• A DJ starting out at a local radio station may earn around £14,000 a year.
  • Very experienced club and radio DJs may earn £1,000 or more per booking/show.
  • A top club DJ, with a well-established reputation and audience following, may earn £100,000 or more a year.

Many DJs are freelance, so annual income varies widely depending on their reputation and the number of regular bookings. Some have another job to supplement earnings, especially when starting out. Salary negotiations are usually done by the individual DJ or their booking agent.

Skills and personal qualities

A DJ should have:

  • a wide knowledge of different music genres or an in-depth knowledge of a specialist interest
  • an outgoing personality, with the confidence to ad lib and build a rapport with the audience
  • a good sense of rhythm and timing
  • the ability to multitask and plan ahead, whilst operating technical equipment
  • a calm manner and the ability to make quick decisions when under pressure
  • a likeable personality and good microphone voice, especially if working in radio
  • creativity and musicality, especially for mixing
  • self-motivation and enthusiasm
  • good business and networking skills for managing and promoting his or her services
  • awareness of wider current affairs and news for radio work.

Interests

It helps to have an interest in:

  • music and audience trends
  • the latest music technology
  • sound engineering.

Getting in

This is a highly competitive and popular career area, where talent and luck are all-important. Most DJs are self-employed, except those working for large broadcasting organisations. Some may find work as a resident DJ in a club or venue, but this is usually on a self-employed basis.

Opportunities for DJs are UK wide, but tend to be greater in highly populated areas. Most DJs have to invest in their own equipment, which can be expensive.

Within radio, it may be possible to start out in a related broadcasting role and then move into presenting.

It is important to gain relevant experience. Some DJs start out by working for no pay or for expenses only.

Vacancies may be advertised in publications such as The Stage and DJ Magazine, and for radio jobs at www.radioacademy.org/jobs. However, many jobs are not advertised, as they are filled by recommendation or agent bookings, making it important to have good contacts and a high industry profile.

Entry routes

There are no formal academic entry requirements. Enthusiasm for music, talent, personality and relevant experience gained through extensive practice using DJ equipment are more important.

Taking a short course in DJ skills, often available through colleges and community music and recording projects, may be useful. Other qualifications, including BTEC National Diplomas, foundation degrees and degrees in music technology, sound engineering, radio or media production may enhance technical skills, but are not essential for entry.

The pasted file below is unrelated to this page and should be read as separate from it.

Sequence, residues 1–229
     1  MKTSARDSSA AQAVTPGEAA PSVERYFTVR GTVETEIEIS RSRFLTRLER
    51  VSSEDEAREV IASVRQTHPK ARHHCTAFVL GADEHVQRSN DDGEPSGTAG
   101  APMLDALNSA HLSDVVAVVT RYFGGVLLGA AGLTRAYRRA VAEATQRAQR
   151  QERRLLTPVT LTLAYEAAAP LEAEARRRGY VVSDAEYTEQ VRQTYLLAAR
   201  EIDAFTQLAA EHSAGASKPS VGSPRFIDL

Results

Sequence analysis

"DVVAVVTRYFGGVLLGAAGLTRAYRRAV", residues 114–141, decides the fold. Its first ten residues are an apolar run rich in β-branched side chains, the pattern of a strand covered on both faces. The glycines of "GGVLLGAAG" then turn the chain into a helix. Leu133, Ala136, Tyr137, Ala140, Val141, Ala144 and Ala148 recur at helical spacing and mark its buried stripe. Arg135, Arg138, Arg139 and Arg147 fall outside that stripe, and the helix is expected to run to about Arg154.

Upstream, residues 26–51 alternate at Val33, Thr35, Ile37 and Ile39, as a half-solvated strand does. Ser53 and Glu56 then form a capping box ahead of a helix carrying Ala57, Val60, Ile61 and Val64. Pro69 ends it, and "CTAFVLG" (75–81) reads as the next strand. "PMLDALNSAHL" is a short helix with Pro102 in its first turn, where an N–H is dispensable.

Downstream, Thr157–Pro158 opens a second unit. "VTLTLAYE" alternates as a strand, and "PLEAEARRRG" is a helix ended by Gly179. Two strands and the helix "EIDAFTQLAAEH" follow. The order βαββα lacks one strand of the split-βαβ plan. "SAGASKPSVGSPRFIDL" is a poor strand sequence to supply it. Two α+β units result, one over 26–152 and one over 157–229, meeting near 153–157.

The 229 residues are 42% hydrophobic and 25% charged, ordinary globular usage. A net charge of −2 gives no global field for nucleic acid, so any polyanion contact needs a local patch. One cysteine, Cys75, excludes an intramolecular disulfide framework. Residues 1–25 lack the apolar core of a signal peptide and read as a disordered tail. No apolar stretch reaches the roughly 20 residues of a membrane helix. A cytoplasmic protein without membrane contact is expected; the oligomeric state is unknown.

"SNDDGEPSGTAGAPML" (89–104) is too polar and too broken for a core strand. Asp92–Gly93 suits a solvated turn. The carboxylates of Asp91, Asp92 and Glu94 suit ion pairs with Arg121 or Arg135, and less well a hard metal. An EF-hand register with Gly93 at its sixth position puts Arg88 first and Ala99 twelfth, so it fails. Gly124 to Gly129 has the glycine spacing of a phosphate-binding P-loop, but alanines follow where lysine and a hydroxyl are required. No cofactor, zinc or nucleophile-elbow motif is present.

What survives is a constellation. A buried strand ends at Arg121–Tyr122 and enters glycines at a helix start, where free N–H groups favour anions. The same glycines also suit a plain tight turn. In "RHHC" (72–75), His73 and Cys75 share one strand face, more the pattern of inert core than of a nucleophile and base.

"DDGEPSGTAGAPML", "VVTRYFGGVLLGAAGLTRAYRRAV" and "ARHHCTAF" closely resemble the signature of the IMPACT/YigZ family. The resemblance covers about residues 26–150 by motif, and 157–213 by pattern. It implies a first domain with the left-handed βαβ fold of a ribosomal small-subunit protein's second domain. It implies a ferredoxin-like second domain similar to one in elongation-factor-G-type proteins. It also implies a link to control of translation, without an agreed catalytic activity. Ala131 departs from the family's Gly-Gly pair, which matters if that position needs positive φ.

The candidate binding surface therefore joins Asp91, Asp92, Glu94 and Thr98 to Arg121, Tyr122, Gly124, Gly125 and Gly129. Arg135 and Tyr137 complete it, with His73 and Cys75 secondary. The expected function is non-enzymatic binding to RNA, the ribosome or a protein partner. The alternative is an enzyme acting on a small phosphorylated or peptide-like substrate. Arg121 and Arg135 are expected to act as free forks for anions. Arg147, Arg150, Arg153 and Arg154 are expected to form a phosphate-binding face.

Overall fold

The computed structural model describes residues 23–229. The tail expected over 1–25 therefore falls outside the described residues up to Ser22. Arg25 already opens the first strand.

The Diploma in creative and media may be relevant for this type of work.

Experience gained through volunteering on student, hospital and community radio is useful for entry to radio DJ work. Work experience placements may also be available through the BBC or commercial radio stations. RadioCentre can provide details of commercial radio stations to approach.

Experience gained through assisting a mobile or club DJ is useful for entry to these areas of work.

In addition, DJs need to record a demo CD to showcase their abilities to bar or club managers, promoters, radio stations or DJ agencies.

Radio DJ trainees are likely to need additional qualifications in media as well as practical experience. See TV/Radio Announcer/Presenter profile for details.

Training

Most DJs learn and develop their skills through practice and performance at venues, which may eventually lead to more prestigious bookings.

Some DJs develop their skills in sound and music technology or specific digital audio packages like Cubase, Logic or Wavelab by taking short courses offered by colleges and private DJ training schools.

CSV Media runs Media Clubhouses across the UK, offering training in radio skills.

Networking is vital for DJs, and organisations like the Radio Academy and RadioCentre regularly run events throughout the year.

Getting on

There is no formal career structure for DJs. Some aspire to secure residential DJ slots at prominent venues or prestigious bookings on the club circuit, such as New Year's Eve. Experienced club DJs may find work abroad during the summer months at popular holiday destinations.

Successful club DJs might move into music production, music publishing or promotional work. Established radio DJs may seek a more high-profile, peak-time show or work in other areas of media broadcasting, including TV.

Further information

BBC Recruitment, BBC HR Direct, PO Box 1133, Belfast BT1 9GP. Website: http://www.bbc.co.uk/jobs

Community Media Association, 15 Paternoster Row, Sheffield S1 2BX. 0114 2795219. Website: www.commedia.org.uk

Creative and Cultural Skills, Lafone House, The Leathermarket, Weston Street, London SE1 3HN. 020 7015 1800. Website: www.ccskills.org.uk

CSV Media, 237 Pentonville Road, London N1 9NJ. 020 7278 6601. Media Training 020 7643 1373. Website: www.csv.org.uk/training/media-skills

Hospital Broadcasting Association (HBA), PO Box 341, Messingham, Scunthorpe DN15 5EG. Website: www.hbauk.co.uk

The Radio Academy, 5 Market Place, London W1W 8AE. 020 7927 9920. Website: www.radioacademy.org

RadioCentre, 4th Floor, 5 Golden Square, London W1F 9BS. 020 3206 7800. Website: www.radiocentre.org

Skillset, Focus Point, 21 Caledonian Road, London N1 9GB. Free careers helpline: 08080 300 900. Website: www.skillset.org/careers

Contains public sector information licensed under the Open Government Licence v1.0.

Career and Course Articles: 

online magazines